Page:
As almond yields increase, growers may find themselves with more harvested crop than processors can handle. Proper stockpiling techniques can help maintain quality during the wait.
David Doll, pomology farm advisor for the University of California Cooperative Extension of Merced County, says that nearly all of the crop is harvested within 6-8 weeks, causing backups. Doll maintains a blog called “The Almond Doctor” through University of California Cooperative and shared his thoughts in a post titled Stockpiling Almonds During Harvest.
“The industry just has a lot of production capacity and a limited ability to process at a given time,” he says.
Doll says growers who stockpile should follow these guidelines:
- Fumigate the pile for navel orangeworm. The pest can still pose a problem even after harvest. “It can continue to reproduce and feed on crop if it’s piled on the ground,” Doll says. Fumigation will kill the navel orangeworm eggs as well.
- Harvest when moisture content of in-hull almonds is at or below 9%. The almond hulls should snap when bent. This reduces the chances of harmful molds such as aflatoxin. Proper drainage around the pile is key.
- Moisture content of the pile should stay below 14%. Higher moisture levels and pile temperatures above 120 degrees can increase chances for molds or spontaneous combustion.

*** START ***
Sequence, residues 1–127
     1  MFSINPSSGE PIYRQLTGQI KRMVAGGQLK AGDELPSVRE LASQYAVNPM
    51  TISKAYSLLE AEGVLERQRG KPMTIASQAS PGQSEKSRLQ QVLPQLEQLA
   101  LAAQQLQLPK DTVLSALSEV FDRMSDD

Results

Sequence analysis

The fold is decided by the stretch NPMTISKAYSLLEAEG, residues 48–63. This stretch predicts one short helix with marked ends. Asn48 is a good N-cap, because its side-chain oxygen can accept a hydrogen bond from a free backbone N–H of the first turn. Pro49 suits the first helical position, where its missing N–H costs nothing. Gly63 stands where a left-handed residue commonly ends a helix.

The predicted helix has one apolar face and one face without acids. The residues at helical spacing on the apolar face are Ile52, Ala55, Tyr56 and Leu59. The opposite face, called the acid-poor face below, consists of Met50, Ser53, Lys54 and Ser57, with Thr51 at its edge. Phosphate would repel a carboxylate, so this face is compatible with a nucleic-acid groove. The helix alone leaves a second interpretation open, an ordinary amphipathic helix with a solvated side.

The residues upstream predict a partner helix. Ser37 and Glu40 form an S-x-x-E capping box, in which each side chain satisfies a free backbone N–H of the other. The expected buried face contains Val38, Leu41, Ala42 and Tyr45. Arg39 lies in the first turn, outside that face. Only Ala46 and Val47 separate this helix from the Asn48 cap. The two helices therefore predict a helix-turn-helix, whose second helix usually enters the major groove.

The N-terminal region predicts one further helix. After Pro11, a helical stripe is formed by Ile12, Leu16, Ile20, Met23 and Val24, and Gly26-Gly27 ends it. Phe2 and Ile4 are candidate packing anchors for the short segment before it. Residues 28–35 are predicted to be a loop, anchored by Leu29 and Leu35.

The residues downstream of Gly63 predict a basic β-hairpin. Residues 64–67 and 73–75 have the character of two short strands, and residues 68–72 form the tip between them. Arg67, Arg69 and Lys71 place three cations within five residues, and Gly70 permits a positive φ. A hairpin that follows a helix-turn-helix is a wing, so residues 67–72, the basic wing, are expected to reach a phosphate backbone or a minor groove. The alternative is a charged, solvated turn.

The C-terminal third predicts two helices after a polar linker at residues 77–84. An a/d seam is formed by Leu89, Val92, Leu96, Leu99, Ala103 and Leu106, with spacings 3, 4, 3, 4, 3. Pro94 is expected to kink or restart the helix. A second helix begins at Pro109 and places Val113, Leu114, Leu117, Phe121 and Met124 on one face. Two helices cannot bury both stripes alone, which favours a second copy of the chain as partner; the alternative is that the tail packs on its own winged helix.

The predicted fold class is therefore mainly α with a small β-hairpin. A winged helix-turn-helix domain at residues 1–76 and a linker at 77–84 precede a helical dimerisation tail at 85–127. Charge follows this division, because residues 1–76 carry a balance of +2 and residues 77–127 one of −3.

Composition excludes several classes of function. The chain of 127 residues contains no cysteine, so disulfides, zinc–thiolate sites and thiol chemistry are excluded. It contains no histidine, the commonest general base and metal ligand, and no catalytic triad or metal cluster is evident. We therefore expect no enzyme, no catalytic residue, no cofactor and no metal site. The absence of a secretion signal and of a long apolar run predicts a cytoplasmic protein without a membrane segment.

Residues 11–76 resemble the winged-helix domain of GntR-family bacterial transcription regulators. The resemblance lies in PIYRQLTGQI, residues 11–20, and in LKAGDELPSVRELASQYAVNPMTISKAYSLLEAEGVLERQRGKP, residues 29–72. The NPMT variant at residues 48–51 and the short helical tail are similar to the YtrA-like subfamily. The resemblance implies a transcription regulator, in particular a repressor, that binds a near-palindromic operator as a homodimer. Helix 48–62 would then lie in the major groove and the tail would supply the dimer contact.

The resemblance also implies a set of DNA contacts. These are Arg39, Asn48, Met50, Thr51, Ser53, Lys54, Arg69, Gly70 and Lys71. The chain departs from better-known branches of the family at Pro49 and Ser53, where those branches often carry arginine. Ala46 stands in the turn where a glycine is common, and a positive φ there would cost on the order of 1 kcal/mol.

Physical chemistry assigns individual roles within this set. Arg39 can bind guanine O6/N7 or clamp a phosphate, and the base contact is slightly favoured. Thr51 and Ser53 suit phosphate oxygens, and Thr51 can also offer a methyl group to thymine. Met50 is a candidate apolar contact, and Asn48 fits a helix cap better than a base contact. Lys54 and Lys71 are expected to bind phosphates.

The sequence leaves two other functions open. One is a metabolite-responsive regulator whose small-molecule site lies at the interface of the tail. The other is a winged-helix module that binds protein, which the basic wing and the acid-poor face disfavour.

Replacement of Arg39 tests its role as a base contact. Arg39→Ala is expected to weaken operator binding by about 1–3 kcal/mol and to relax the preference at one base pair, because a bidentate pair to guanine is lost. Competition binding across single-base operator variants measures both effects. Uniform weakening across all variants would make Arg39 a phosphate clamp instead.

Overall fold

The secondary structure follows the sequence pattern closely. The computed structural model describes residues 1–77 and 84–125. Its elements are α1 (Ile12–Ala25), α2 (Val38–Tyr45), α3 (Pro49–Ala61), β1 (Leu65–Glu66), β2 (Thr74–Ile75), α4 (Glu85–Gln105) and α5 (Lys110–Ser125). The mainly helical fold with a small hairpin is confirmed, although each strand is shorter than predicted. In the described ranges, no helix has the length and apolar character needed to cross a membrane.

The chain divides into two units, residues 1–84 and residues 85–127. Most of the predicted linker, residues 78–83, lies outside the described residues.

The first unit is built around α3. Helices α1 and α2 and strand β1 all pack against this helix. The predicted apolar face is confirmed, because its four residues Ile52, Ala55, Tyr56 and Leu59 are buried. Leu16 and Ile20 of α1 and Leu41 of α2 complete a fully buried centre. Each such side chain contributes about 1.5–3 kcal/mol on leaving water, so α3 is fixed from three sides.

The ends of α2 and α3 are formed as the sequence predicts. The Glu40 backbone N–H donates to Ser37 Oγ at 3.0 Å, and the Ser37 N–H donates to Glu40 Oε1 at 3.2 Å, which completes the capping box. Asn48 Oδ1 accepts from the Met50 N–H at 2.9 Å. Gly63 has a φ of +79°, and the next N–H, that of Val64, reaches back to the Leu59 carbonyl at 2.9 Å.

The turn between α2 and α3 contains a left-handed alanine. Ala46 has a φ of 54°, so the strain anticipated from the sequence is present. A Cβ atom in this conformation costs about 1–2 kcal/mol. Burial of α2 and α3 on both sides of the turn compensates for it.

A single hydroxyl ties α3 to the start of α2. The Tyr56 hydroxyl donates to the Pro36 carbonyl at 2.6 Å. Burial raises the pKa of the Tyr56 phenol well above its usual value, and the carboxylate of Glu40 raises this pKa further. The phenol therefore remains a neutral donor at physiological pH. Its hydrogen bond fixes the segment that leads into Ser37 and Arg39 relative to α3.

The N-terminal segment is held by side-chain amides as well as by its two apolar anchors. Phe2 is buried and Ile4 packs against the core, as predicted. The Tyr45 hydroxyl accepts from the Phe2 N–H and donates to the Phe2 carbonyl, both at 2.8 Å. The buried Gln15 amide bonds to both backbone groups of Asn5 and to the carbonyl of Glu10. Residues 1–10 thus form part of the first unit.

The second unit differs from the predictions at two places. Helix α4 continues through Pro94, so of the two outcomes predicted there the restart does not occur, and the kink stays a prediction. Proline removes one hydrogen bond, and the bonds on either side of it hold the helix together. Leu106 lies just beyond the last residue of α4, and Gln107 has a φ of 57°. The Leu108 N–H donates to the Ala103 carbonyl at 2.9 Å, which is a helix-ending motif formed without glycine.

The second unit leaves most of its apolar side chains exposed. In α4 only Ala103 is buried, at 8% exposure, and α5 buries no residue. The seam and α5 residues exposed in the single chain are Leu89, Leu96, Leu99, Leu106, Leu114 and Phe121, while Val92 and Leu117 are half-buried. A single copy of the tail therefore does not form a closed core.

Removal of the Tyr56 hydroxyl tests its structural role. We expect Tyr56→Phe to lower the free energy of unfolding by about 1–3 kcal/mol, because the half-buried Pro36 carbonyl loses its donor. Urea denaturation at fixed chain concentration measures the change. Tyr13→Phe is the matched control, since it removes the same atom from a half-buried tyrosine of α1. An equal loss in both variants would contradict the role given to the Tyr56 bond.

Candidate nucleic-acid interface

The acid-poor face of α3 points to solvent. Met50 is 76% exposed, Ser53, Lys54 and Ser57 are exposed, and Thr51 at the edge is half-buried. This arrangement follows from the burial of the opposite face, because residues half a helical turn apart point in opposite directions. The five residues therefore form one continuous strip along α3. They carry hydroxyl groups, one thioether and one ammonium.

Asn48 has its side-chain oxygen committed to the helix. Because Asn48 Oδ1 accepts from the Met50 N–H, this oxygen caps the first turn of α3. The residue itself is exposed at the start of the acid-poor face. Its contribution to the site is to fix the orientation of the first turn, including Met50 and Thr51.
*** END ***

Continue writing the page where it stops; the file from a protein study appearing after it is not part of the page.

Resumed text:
- Use white-on-black tarps to cover the piles. Studies have shown that these tarps stabilize the pile temperature, keeping it cooler during the hottest parts of the day and warmer during the coolest parts of the night. Temperature fluctuations can contribute to condensation. Also, remove tarps during the day to allow moisture to evaporate.
- Situate the pile length-wise from north to south, reducing the amount of the pile exposed to the sun throughout the day. That will help reduce condensation.
“It’s a lot of work,” Doll says. “There’s no doubt that it takes a lot of time, but it’s important to do it to reduce insect infestations and reduce aflatoxin and to maintain a high-quality product.”